The proof is in the pudding of course, so the benchmarks will tell the true story of how well the X60s performs. Below are the results gained from running Super Pi (ftp://pi.super-computing.org/windows/super_pi.zip), a program that forces the laptop's processor to calculate Pi to 2 million digits of accuracy.
Super Pi Results:
|Notebook||Time to Calculate Pi to 2 Million Digits|
|IBM ThinkPad X60s (1.66 GHz LV Core Duo)||1m 23s|
|Dell Latitude X1 (1.1 GHz ULV Pentium M)||2m 40s|
|IBM ThinkPad T43 (1.86 GHz Pentium M)||1m 45s|
|IBM ThinkPad X41 (1.50 GHz LV Pentium M)||2m 02s|
|MSI 1013 (AMD Turion MT-40 )||1m 35s|
|Toshiba Tecra A6 (1.66GHz Core Duo)||1m 25s|
|Dell Inspiron 600m (1.6 GHz Pentium M)||2m 10s|
|Lenovo ThinkPad T60 (2.0GHz Core Duo)||1m 18s|
...you can virtually see the X60 thumbing its nose at other ultraportables as it races by. Below are some PCMark04 benchmark comparisons to the X41, as you can see, the X60s performs very well, up to 2-times better than the X41 in many cases.
|Futuremark PCMark04 Scores|
|IBM X60s (1.66 GHz Core Duo)||IBM X41 (1.50 GHz Pentium M)|
|Multithreaded Test 1 / File Compression||5.65 MB/s||2.66 MB/s|
|Multithreaded Test 1 / File Encryption||46.38 MB/s||21.81 MB/s|
|Multithreaded Test 2 / File Decompression||43.38 MB/s||19.03 MB/s|
|Multithreaded Test 2 / Image Processing||18.8 MPixels/s||8.65 MPixels/s|
|Multithreaded Test 3 / Virus Scanning||3888.99 MB/s||1349.58 MB/s|
|Multithreaded Test 3 / Grammar Check||4.00 KB/s||2.09 KB/s|
|File Decryption||49.36 MB/s||43.78 MB/s|
|Audio Conversion||2520.32 KB/s||2014.01 KB/s|
|Web Page Rendering||5.29 Pages/s||4.43 Pages/s|
|DivX Video Compression||62.54 FPS||39.19 FPS|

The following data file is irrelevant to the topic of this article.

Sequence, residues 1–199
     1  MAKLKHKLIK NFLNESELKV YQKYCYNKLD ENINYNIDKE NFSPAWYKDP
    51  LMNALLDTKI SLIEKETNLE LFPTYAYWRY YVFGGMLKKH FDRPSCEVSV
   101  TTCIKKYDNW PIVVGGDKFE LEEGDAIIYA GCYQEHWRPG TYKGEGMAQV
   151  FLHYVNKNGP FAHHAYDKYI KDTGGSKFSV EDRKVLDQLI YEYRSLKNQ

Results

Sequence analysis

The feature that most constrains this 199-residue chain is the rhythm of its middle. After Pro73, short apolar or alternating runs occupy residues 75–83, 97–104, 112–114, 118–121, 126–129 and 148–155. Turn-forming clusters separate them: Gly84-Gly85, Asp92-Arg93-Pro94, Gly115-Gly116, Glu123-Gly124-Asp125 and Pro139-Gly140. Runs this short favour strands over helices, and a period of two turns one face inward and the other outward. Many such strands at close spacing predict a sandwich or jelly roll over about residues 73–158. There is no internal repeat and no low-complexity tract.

|Physics Calculation and 3D||89.36 FPS||79.59 FPS|
|Graphics Memory - 64 Lines||399.91 FPS||399.62 FPS|
Below are the results generated from HDTune for the 5400RPM 80GB Toshiba hard drive that came with the X60s being reviewed:
Inputs & Output Ports
The X60s is really great in terms of ports provided for such a small notebook. Here's a rundown of what you get:
X60s and X41 touching at the front, you can see that the X60s (on the left) slopes up more due to the battery elevating it more, they are virtually the same thickness when compared without batteries in (view medium image) (view large image)
The power jack size has changed for the X60s from the X41, so if you're upgrading then your old power cord will not work.
As far as I can tell the 12-inch 1024 x 768 (XGA) screen of the X60s hasn't changed much if at all from the X41. It's certainly a bright enough screen at full brightness (there are 8 levels of brightness to choose from), I have no complaints with dimness, and the lighting across the screen is very even -- no light leakage. The screen is of the matte variety, it's not a glossy widescreen like so many other ultraportables are migrating towards today. Matte is best for office lighting and reducing glare, and since the X60s has no built-in DVD and is certainly not a media notebook, there would be no benefit from having a glossy screen. Viewing angles are not so good, especially vertical. If you're viewing pictures and don't have a perpendicular viewing angle to the screen then colors become slightly distorted -- more so as the vertical viewing angle changes. Horizontal viewing angles are much better and it's fairly easy to get a wide viewing angle from the side.